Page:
View Full Version : Uncompressed video and video arrays.

Tom Wood
03-14-2003, 06:25 PM

I'll be creating my scenes in Lightwave and want to maintain the highest possible quality of image through the production process, which ends at a DVD. I like the idea of keeping the video uncompressed through editing, but I am concerned about file size and disk space. Since Newtek recommends SCSI drives for VT, disk space gets expensive when compared to IDE. Is my desire to work on uncompressed video not valid since it ends up being compressed at the end? If not, how large a pair of SCSI drives would I need to comfortably produce and edit about 45 minutes of 3D animation?



03-14-2003, 07:04 PM

Know where you're coming from regarding the higher costs of SCSI drives.

We have found a workable solution with IDE drives using a 3ware Escalade controller. It shows up as a SCSI device in windows and depending on the model you look at, can handle 4, 8 or 12 drives with amazing speeds when the 4+ drives are set-up as a RAID. There is one ribbon cable per drive and each drive is set as master.

If you want to look into it further, check here: www.3ware.com

03-16-2003, 10:45 AM
Uncompressed video takes something like 80GB / hour. You'll want somewhat more storage than your final length of 0:45; most people would say twice or three times that, but since you're animating, most of the outtakes etc. will be taken care of before you render (but save some for the closing credits ;)) The Toaster will also want some space for its background cache; I'm seeing it use ~10GB cache for each hour of project, but I'm using lots of transitions so that may be more than average.

Uncompressed is always the goal for painless maximum image quality. But you could certainly consider using compression to get more video out of your drives. DV format only takes 12GB/hour, and there are lossless formats like huffyuv as well (http://math.berkeley.edu/~benrg/huffyuv.html). A side benefit is that if you compress your video, your drives don't have to run as fast as they would for uncompressed. This roughly translates into being able to use slower (cheaper) drives, or packing more simultaneous streams onto faster drives. The important tradeoff is that compressed streams need to be uncompressed in realtime by your CPU(s); it shifts the burden from your storage to your processor(s). So you may want a faster machine to take advantage of this.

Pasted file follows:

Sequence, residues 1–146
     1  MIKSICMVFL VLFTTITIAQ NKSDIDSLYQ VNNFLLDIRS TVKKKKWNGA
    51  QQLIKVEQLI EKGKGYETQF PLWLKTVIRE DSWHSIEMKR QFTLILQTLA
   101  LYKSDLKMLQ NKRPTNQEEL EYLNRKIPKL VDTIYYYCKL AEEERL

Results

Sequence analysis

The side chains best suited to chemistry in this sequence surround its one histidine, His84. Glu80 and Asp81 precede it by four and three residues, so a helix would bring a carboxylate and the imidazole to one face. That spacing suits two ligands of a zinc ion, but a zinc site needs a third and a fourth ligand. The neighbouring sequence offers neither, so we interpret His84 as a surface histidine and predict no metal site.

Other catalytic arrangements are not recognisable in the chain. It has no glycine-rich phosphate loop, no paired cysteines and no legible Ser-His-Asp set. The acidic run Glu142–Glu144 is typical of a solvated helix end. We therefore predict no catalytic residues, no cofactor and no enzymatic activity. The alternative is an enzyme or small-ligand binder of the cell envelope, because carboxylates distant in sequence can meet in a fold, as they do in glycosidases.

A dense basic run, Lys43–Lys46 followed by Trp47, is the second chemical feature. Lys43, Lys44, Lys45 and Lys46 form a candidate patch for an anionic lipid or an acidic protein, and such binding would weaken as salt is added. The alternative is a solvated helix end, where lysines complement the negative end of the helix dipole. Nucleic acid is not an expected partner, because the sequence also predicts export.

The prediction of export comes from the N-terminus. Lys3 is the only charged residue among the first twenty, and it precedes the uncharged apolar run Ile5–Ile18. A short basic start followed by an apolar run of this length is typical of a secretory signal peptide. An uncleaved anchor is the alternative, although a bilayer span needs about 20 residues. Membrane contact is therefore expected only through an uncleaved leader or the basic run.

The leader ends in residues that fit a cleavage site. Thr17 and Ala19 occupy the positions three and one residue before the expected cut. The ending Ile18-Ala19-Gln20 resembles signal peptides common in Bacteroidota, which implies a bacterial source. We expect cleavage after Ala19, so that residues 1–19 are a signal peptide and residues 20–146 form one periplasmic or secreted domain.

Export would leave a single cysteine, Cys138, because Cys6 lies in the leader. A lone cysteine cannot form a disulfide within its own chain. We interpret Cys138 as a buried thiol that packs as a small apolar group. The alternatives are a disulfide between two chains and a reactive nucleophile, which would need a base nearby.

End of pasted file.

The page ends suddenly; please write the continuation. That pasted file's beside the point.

Another thing to check is to make sure that you can get your selected format (compressed or uncompressed) into whichever DVD-building tool you're planning on using. This currently includes rendering out your entire final project to a new single file (which will take that much more disk space), or you could wait a few months until T3 comes out, which will include a "wrapper" function which will eliminate this final render requirement.

I personally use a relatively slow IDE array (non-Escalade) and DV compression on a single P4 @ 2.4GHz. My situation is different from yours in that I am editing 5+ hour projects, and it only needs to be output to VHS so the quality reduction isn't noticeable. But it works great for me. Your mileage will (and should!) vary; the cool thing about the Toaster is that it's this flexible.

Hope this helps, good luck on your project! -MG

Tom Wood
03-16-2003, 05:27 PM
Thanks vip3dran, I'll look into that.

Thanks MG, one other quick question if I may. Does it matter to the storage capacity if the video is rendered in fields rather than frames?

I visited http://www.medea.com/ and looked at their storage capacity charts. I assume the 1080 columns are for film and HD, and the 1:1 is uncompressed?


03-17-2003, 06:08 AM
Field rendered or frame rendered footage takes the same amout of HD space, around 22mb per second.

Alpha channel enabled RTVs do make the size go up a bit ( or 8bit? heh)

Sometimes for my final composition I use Morgan Mjpeg compressor at about 6mb per second at 94 quality. it compresses in real time to a fast drive or array and looks amazing. (amazing that is after I turned off SSE2 on the codecīs compression panel.. took me a while to figure that one out)

Iīve read others use Manconcept or PictVideo codecs with equal succes.